As for our plans, it all happened rather quickly. The need to meet with clients in Los Angeles mid-January and then late-January left two weeks of “calendar free space” and, with no appointments we decided to, once again, take to the seas and see how well we could work far from shore. We had done it once before, but only for a week and you can read about that in the November 5, 2014, post,
The A, B, Zs of Fall! This time we would double the time at sea and it would be a test of how disciplined we would be not to mention how practical it was to depend on the vessel’s Internet capabilities for an extended period of time.

We have been sailing with Princess cruise lines for a very long time and our status gave us a combined 500 minutes of free internet access, but with so many passengers on board, it turned out that early mornings worked best. Princess has an International Café that serves Lattes and pastries around the clock so from 4:00am onwards, you would find me working from my new, impromptu desk. And yes, it all worked out and a number of our clients, until I updated them on our return, were unaware of our newly equipped remote office!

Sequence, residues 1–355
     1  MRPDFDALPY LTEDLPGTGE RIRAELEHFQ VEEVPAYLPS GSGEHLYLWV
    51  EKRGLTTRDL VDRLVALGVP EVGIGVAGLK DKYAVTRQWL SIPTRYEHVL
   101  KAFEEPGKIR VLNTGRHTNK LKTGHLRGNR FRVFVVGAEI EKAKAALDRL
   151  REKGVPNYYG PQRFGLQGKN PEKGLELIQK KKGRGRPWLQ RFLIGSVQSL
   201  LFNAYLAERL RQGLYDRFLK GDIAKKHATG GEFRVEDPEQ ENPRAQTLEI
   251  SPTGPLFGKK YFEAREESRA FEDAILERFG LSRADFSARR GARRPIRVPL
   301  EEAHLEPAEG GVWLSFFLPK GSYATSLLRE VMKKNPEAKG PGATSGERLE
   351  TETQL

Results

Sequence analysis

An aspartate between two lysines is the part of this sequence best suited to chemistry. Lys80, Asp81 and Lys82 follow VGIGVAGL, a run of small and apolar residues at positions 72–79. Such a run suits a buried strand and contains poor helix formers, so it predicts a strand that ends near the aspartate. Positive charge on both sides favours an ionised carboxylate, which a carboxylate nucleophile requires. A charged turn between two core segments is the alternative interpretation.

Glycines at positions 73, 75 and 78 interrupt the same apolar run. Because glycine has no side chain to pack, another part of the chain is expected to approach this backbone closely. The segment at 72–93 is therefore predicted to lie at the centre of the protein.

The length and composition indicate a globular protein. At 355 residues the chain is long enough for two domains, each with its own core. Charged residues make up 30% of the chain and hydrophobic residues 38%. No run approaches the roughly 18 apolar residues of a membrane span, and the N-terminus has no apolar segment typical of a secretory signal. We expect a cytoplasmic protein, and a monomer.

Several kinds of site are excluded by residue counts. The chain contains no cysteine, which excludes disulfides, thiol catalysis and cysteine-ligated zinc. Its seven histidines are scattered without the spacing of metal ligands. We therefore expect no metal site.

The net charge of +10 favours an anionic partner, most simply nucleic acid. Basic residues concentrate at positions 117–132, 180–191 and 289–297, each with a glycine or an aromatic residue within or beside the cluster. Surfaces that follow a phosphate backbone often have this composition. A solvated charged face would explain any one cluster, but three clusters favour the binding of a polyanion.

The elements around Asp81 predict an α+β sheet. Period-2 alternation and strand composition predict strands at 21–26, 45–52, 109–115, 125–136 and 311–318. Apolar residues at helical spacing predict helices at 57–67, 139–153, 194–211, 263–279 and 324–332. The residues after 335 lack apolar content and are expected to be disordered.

By chance I came across the poetry of Tyler Knott Gregson, whose poems can be found on the web and among her short verses, this one struck a chord:

Oh restless soul, oh wandering spirit, come, and breathe a spell.
Come, and gently fall into peace.
This is what you were seeking, this, is home.

I have always been fascinated by ports and terminals handling container ships. This fascination dates back to when I worked for Overseas Containers Limited (OCL) as they first entered the container shipping business back in the late 1960s.